Education

Re-Imagining Education and Career-Connected Learning — How Junior Achievement is Driving Opportunity for All

10/27/20
Career exploration and the skills to succeed have become a part of K-12 education across Texas over the last several years, but a new educational model within Houston Independent School District’s Stephen F. Austin High School is re-engineering high school education to make it more career relevant for students and increase their economic opportunity and prosperity. This school year, 3DE by Junior Achievement, an instructional model that utilizes competency-based case method to drive student engagement and academic performance, was launched within the school, expanding for students access and exposure to local employers and equipping them with knowledge and foundational skills for success in the business world. The 3DE model embeds career exploration and skills into educational curricula. Junior Achievement’s purpose is to inspire and prepare young people to succeed in the global economy, and the 3DE model engages the business community in a very deep way, said Joseph Burke, president of Junior Achievement of Southeast Texas and member of the UpSkill Houston executive committee. “Kids are more poised to be able to transition into the workforce when they’ve been engaged [with the business world],” Burke said. The model builds student-centric education around project-based learning in which students work throughout the school year on a series of real-world questions presented by sponsor companies, like whether to host an event at a certain venue or how to effectively communicate in a digital environment. Students work on the cases in teams, are coached by company employees (who volunteer as mentors) and present their answers to their teachers. The top four teams pitch their cases to a panel of company representatives who judge them and select a winning team. In the 3DE model, students also typically complete rotations with the sponsor company to learn about different careers and the industry. During their senior year of high school, students will complete an internship or consultancies. Students not only learn about the wealth of local employment options, but they also learn about business culture. This model can help address a disturbing finding in the recent WorkingNation American Workers Survey conducted by Frank Luntz and his company FIL on behalf of WorkingNation: Nearly one in three adult workers (31 percent) polled said they had never spoken about their future careers with a teacher or a parent. The 3DE model draws out the authenticity of learning, putting it in context of higher order thinking skills, Burke said. Case study work is not just tacked on to regular school curricula, but rather, it is woven into language arts, social studies, science and math lessons for an interdisciplinary approach to learning.  In this way, the 3DE lead teacher and case study work are supported by other high school teachers, according to Andrea Aguilera, 3DE partnership director at Stephen F. Austin High School. “Students don’t have exposure to business title terminology like what is a CEO, a CFO, or COO. Our biology teacher made this case vocabulary relevant by aligning it to her TEKS and created a lesson on cells. The vocabulary is then aligned with cells, tissue, organs, and how they work as a team. For example, the nucleus acts like a CEO,” she said, adding that a social studies teacher is instructing students on how to create PowerPoint presentations, which the students will need to use for their presentations in the next 3DE judging. “By having other teachers create lessons that touch on aspects of the case challenge, students are seeing commonalities of our strategies, themes, and tools being used in every single one of their courses, and its being constantly reinforced,” Aguilera said. 3DE launched in Fulton County Schools’ Benjamin Banneker High School, just outside of Atlanta, in 2015. In the years since, the school has seen significant gains in student performance and future opportunity including a 47 percent increase in its four-year graduation rate (to 92 percent), according to Junior Achievement. Students in 3DE cohorts across multiple schools have improved attendance. They are chronically absent about 38 percent less of the time than their host school peers, according to the organization. The 3DE model is now operating within 23 schools across the country. It was the success seen at Banneker High School in terms of student achievement, reduced absenteeism and greater teacher retention that made Jeff Miers support bringing the model to Houston. Miers was a Junior Achievement board member and an Accenture managing director at the time and recognized how the model fit with the consulting company’s “Skills to Succeed” commitment to empower people to change their lives. He also saw it as an exciting opportunity to transform the way Houston students learn. Accenture, Deloitte and Quanta Services are among the local employers that are sponsoring 3DE case studies. About 170 ninth graders at Austin High School (or, roughly 36 percent of the entire ninth grade class) make up the first 3DE cohort. The cohort purposefully mirrors the wider school demographics in terms of ethnic or racial makeup, background and academic achievement to about 5 percent, according to Burke. This helps gauge model effectiveness but also opens the door for students who lack the social networks or connections that can open doors to employment and opportunity. “The opportunity to interact and understand what companies are doing and working on real business problems opens the window into professions that underprivileged students might not otherwise see,” Miers said. The business coaches and judges represent a diverse population, come from different backgrounds and followed different pathways into their careers, Aguilera said. In short: they look like the students. “Sometimes for students the business world appears so far away and can seem unattainable and so what these business professionals are doing is showing students, ‘we were once where you were and you can also get here,’” Aguilera said.  Partnering to advance diversity and inclusion in the workplace is more critical than ever, Burke said. “If we want to make diversity and inclusion gains then we have to begin with our education, and it needs to begin with the public schools,” he said. Learn more about 3DE by Junior Achievement.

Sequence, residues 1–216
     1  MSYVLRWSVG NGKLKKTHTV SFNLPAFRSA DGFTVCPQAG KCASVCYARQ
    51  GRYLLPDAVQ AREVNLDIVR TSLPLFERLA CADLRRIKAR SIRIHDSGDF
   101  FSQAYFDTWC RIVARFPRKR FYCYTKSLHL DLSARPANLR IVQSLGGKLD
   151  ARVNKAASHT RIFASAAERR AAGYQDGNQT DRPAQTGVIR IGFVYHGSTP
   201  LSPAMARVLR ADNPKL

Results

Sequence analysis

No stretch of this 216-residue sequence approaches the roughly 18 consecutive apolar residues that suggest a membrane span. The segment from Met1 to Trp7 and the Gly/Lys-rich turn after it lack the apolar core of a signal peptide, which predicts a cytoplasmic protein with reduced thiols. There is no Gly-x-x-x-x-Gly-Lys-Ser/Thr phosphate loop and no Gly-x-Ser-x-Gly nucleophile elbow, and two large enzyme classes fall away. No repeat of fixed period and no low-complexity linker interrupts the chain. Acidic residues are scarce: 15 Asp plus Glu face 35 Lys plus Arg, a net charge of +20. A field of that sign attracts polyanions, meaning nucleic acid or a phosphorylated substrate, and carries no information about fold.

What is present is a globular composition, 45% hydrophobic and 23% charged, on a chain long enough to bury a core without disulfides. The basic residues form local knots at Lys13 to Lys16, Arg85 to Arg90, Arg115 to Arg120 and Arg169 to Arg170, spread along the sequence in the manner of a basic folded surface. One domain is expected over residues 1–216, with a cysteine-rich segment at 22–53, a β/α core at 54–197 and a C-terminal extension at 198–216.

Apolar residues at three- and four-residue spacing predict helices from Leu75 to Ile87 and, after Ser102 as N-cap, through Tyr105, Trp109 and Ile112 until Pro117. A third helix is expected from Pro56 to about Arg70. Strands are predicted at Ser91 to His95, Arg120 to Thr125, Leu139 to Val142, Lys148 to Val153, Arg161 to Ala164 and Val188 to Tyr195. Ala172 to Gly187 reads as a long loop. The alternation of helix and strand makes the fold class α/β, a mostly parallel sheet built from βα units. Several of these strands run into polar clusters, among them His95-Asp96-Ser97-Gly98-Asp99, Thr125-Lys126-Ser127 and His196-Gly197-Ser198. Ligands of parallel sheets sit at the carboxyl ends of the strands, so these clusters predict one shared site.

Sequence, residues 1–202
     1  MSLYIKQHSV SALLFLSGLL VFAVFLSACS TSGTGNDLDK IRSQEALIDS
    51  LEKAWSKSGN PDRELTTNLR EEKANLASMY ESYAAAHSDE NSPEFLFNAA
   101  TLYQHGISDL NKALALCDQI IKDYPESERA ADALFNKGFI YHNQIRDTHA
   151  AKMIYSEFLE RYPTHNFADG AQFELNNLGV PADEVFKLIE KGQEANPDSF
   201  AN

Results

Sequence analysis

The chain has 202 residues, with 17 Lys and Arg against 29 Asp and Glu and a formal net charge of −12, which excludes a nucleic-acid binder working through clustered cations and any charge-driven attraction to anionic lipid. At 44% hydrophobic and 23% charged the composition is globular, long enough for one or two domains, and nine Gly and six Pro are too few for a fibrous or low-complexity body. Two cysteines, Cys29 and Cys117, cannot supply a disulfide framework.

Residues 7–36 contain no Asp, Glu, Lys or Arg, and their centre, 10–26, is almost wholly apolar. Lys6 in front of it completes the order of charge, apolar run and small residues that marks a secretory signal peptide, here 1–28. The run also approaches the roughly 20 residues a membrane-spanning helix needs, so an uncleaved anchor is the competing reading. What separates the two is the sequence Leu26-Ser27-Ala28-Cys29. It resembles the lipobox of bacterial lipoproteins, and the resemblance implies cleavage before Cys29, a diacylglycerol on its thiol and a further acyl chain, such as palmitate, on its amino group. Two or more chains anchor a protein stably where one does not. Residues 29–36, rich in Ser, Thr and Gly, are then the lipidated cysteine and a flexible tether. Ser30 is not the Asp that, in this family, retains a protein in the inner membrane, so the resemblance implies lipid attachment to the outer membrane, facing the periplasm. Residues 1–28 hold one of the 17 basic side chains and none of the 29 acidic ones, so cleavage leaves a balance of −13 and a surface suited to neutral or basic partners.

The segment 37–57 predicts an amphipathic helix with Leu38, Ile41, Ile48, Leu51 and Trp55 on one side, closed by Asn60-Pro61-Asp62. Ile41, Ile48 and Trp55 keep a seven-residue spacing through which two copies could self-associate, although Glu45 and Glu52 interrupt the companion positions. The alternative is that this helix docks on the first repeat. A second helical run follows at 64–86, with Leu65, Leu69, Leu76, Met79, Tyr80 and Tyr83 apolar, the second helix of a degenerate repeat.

Read More

Related Events

Economic Development

State of the City: A Conversation with Mayor Sylvester Turner

Join the Partnership for a special continuation of the annual State of the City event. The Honorable City of Houston Mayor Sylvester Turner will sit down with Partnership Chair, Bobby Tudor, for a fireside…

Learn More
Learn More
Executive Partners